On that same theme, another enhancement was the tonal accuracy. There was a new realism is how the instruments were presented to the ear. Drums, for the price, sounded authentic without having to be forced, the brass section had a new flow while saxophones displayed a reedy quality but in a natural, unforced manner.
I would gauge the change of cartridge, to the 2M Red and then the stylus, to the 2M Blue, as a complete success. Why? Because, with each successive upgrade, the turntable completely changed its sonic personality. Of course, such sound quality improvements are a real testament to the Essential II itself and its inherent potential. This means that, if you retain the ‘II’ and never change the default cartridge then you really are never hearing the ‘II’ in full flight and you are, in many respects never experiencing it at its very best. Further, you could also argue that you are wasting money by never pushing the II to its limits. The OM5e is a nice budget cartridge model but it actually restrains the turntable, in ultimate terms, and never lets it really fly. With the cartridge upgrades listed above, I really felt, at each step, that I was listening to a completely different and much improved turntable. Such were the sonic differences and improvements.
Next time, when you’ve had enough of the sound quality that your hi-fi is producing and you feel the need to improve matters, consider a cartridge or stylus upgrade firstly. Especially if you are limited in budget terms. You will be surprised at how much extra juice your current turntable can give you. And, even better of course, when you finally upgrade your turntable, you can take your improved cartridge with you and hit the ground running on your new deck. So your upgraded cartridge will provide even more value for money as the years roll on.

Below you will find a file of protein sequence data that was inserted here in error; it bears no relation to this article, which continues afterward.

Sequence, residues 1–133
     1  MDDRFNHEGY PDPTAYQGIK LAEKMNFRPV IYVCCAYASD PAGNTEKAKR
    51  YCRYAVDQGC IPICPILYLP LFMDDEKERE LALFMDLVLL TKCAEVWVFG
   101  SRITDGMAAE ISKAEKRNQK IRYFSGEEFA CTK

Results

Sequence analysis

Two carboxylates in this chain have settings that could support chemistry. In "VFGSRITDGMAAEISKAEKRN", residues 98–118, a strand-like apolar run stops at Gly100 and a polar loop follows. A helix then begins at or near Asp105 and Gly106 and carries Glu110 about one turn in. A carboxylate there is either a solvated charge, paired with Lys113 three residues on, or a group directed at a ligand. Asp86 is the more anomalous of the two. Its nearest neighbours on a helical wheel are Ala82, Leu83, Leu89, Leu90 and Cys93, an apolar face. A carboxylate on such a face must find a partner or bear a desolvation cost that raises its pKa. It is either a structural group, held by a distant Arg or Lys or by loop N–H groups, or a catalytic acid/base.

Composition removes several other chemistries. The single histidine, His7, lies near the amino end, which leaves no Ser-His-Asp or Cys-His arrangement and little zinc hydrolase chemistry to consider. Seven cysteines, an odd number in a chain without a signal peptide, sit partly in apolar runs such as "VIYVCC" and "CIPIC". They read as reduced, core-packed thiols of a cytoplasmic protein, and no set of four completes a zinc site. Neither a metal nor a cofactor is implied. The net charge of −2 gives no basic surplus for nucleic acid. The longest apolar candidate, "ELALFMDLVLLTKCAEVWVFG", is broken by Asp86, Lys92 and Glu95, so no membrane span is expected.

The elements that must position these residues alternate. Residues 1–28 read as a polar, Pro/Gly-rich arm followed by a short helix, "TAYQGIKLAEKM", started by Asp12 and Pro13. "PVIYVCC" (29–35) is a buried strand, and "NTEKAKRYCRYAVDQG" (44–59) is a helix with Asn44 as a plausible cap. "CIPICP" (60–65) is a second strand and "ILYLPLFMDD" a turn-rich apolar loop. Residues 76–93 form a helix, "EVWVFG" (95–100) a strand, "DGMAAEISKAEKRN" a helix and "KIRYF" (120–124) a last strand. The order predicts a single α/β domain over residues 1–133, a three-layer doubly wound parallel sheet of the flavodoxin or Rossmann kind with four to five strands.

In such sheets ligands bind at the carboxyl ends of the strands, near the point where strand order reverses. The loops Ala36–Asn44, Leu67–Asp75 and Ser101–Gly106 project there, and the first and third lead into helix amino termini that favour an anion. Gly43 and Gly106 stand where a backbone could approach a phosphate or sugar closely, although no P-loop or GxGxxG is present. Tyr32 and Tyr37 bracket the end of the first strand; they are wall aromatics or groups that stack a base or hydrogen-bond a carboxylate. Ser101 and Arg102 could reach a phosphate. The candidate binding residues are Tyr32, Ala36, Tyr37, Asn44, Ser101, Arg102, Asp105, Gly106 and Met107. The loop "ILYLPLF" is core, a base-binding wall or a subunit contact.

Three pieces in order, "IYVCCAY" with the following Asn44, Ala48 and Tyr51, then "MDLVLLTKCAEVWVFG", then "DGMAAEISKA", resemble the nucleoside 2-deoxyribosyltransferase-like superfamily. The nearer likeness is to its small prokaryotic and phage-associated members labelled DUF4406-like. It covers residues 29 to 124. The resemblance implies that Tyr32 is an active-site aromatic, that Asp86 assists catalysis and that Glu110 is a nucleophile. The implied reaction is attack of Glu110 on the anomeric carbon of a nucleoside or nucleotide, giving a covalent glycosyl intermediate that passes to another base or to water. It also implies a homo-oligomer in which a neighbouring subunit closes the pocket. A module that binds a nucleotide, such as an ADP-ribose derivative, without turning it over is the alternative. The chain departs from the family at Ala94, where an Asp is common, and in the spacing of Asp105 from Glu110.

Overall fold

To learn more, click www.henleydesigns.co.uk
ORTOFON ANSWERS YOUR CARTRIDGE QUESTIONS
What is the lifespan of a cartridge and its stylus and which bits age quickest?
As a pick-up cartridge is a micro-mechanical device and, like all mechanical devices, they like to be used (properly). That makes it hard to say how long a cartridge will last. Their lifespan is affected most either by misuse or no use but a well set-up cartridge should provide at least 1000 hours of happy listening. After that, it all depends on the unique set-up. The part that tends to age quickest in normal use is the rubber suspension but again this part is capable of lasting a long time in a properly set-up system.
How do you slow down the ageing of both cartridge and stylus: that is, how do you best care for both?